Yesterday, on October 26th, 2018, the American Jewish community experienced what I am calling an American Pogrom. Historians and scholars may rightly object to my appropriation of this term, but I’ll make my argument nonetheless. As most of us know, the site of the pogrom was the Tree of Life Synagogue in the Squirrel Hill neighborhood of Pittsburgh.
For those that aren’t familiar with the concept of a pogrom, a pogrom is the organized and intentional intimidation and/or massacre of a particular ethnic group, typically Jews. Throughout Jewish history, and especially in the 16th-19th centuries, the pogrom was a consistent feature of Jewish life in Eastern Europe where Jews generally lived in Jewish neighborhoods and towns, called shtetls. Typically carried out by uneducated, poor, anti-semitic neighbors or local townsfolk and largely condoned by local authorities, pogroms ranged from destruction of Jewish property to physical assault and murder. The message of a pogrom is quite simple and clear– you aren’t welcome here and you aren’t safe here; you are powerless, we are powerful.
When an anti-semitic, hate-filled gunman, walked into the Tree of Life synagogue in Pittsburgh on a Shabbat morning and began to open fire on those Jews who had gathered for Shabbat worship, I couldn’t help but think about this horrific act of violence in terms of the pogrom. While a dear and much respected friend has pointed out that what took place in Pittsburgh is not a pogrom akin to what took place in previous centuries and even today in other countries, it evokes for me, a taste of what Jews in these other settings might have felt. These resonances, along with the fact that the murder was carried out with an automatic weapon, like so many recent tragedies, is what leads me to call it an American pogrom. Gun violence is, undeniably, an American issue and one that needs immediate and enduring resolution.
An American pogrom. Like many Jews, people of faith, Americans, and people of conscience, I wanted to believe that pogroms were a thing of the past. But like anti-semitism, and racism/bigotry/hate more generally, it seems that the pogrom has a certain staying power. A stain on humanity, we haven’t yet figured out how to wash these and other forms of hatred and violence away. But we will.
An American pogrom requires an American response. An American response to this cowardly and pathetic assertion of White Supremacy will have to be multifaceted. Here are a few of the key components, as I understand them.
- Interfaith solidarity and action. Americans of all faiths and no faith must come together to denounce this act as well as the culture and ethos from which it was born and which it exemplifies. Every synagogue, church, mosque, mandir, and meditation center must understand that while this act specifically targeted Jews, it is an affront to all Americans, to all people of faith, and to virtually every core American ideal that’s worth fighting for. We need more interfaith dialogue, more interfaith civic action, more interfaith voices teaching our political leaders how to exercise moral and spiritual leadership. Initial indications from here in Atlanta and from colleagues across the country is that this is already underway and will only grow stronger.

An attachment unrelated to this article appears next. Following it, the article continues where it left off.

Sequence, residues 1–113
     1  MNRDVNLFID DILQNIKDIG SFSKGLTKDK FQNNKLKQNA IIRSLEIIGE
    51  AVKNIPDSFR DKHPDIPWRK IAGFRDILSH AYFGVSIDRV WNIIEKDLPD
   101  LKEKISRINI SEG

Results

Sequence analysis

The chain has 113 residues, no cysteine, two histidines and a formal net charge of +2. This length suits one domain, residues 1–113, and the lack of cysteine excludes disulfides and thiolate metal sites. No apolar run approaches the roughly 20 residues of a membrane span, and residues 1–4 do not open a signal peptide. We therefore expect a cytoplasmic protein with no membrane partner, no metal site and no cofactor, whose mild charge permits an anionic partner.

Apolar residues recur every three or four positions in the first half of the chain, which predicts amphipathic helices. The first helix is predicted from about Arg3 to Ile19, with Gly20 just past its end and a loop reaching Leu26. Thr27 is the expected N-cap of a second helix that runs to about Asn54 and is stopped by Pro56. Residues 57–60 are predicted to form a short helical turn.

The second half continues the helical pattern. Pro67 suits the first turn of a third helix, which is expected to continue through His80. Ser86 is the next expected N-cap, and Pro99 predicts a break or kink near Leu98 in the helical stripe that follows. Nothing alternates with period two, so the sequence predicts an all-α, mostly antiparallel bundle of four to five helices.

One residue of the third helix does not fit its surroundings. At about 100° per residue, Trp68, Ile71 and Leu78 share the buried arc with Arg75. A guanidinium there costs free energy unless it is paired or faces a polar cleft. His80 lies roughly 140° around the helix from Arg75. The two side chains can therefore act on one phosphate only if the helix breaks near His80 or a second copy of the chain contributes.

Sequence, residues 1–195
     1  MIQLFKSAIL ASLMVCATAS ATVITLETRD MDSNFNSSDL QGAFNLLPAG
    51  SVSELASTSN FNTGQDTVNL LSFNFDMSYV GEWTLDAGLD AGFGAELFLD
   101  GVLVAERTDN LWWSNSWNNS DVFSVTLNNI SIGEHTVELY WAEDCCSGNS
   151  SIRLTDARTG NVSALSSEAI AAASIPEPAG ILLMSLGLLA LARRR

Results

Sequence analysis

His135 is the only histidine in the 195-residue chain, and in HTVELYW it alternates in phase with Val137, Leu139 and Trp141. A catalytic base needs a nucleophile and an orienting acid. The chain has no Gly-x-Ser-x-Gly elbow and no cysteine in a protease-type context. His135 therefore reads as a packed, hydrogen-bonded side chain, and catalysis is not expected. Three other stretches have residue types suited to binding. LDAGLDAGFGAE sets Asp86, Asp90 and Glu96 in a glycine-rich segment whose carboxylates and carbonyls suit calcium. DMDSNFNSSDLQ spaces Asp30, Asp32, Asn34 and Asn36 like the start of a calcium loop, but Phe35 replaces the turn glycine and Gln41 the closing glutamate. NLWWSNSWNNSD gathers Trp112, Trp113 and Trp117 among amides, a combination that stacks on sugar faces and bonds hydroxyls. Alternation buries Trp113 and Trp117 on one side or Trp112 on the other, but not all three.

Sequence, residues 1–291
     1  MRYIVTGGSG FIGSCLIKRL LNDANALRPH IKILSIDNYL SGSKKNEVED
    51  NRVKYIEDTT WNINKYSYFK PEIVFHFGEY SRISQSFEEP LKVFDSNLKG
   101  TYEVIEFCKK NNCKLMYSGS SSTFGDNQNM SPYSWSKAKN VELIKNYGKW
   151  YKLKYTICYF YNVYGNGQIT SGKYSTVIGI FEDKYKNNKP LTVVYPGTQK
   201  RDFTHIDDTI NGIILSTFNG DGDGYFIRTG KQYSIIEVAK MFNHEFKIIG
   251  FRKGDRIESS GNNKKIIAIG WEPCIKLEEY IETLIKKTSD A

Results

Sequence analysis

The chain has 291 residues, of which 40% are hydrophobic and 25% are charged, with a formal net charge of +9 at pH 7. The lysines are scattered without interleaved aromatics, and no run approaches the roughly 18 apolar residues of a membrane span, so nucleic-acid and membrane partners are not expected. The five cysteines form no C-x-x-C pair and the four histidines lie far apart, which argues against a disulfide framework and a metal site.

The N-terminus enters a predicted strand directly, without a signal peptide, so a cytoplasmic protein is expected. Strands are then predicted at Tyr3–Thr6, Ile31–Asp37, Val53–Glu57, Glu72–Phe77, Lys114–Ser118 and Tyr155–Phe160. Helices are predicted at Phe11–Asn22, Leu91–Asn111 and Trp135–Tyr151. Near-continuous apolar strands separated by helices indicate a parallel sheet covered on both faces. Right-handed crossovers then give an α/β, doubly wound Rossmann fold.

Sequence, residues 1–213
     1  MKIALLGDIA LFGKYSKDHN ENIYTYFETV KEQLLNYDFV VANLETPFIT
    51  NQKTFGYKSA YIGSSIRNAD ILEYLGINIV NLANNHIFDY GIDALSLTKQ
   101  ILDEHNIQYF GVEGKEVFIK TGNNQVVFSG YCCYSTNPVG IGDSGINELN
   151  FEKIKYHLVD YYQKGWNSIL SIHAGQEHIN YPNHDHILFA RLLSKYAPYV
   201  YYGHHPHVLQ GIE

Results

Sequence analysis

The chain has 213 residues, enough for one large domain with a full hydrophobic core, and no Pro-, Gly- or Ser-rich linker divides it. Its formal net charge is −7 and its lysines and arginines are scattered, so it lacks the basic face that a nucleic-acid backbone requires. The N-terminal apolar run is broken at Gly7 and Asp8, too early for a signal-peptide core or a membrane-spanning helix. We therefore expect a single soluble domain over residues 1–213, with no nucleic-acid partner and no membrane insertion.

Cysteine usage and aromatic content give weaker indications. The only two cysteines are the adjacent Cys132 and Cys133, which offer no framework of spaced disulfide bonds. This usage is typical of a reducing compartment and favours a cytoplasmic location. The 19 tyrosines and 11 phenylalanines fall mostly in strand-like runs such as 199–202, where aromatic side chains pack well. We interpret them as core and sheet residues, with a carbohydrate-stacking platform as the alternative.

- Jewish solidarity and action. Alongside a more general mobilization of good people, Jews need to express solidarity with one another and take action as well. We need to grieve and heal. We need to express our outrage, fear, and anguish. And quickly, we need to reassure our children that they are safe in our synagogues, schools, and Jewish Community Centers. While redoubling our efforts to secure our communities is necessary, it isn’t sufficient. We need to convey to our children, and to one another, the unique value of Jewish teaching and tradition. We need to demonstrate the vibrancy of Jewish life and Jewish practice. We need to elevate that which is vital in Judaism. Dare I say it, we need to lift up that within Judaism that might actually be worth dying for. This is the only way that we can even incrementally redeem our innocent dead.
- The Jewish Voice in American Life. We need more and louder Jewish voices in American civic conversations today. That’s because Judaism is a tradition founded upon a belief in human dignity. That’s because Judaism is a tradition that is relentless in its commitment to the pursuit of peace and justice. That’s because Judaism is a tradition that simultaneously holds a grand vision for the redemption of all humankind alongside a vision of how people should go about their daily lives in a way that emphasizes kindness, compassion, and love. The prophetic voice is alive and well within Judaism, but sometimes it prefers to speak in a whisper. It’s time, to use the prophet Isaiah’s words, to “raise our voices like a shofar.”
- To Our Children. When our children learn about a tragedy many process the news by asking what they can do. For now, the message is quite simple– they can live their lives in a way that recaptures and emphasizes that which seems to be banished from the world in moments like these. They can be kind to one another. They can nourish their own hearts and minds with good ideas. They can make an effort to get to know people who are different from them. They can express gratitude to the helpers and heroes in their lives. By emphasizing these things, we will eventually be able to help them see how these basic decencies, once (and hopefully still) emblematic of America, are in fact much more than simple interpersonal gestures. By accustoming our children to kindness, thoughtfulness, curiosity, and respect for dignity and difference, we will be setting them up for a better life and a better world and reclaiming our rightful role as the true heirs and guardians of what it means to be an American.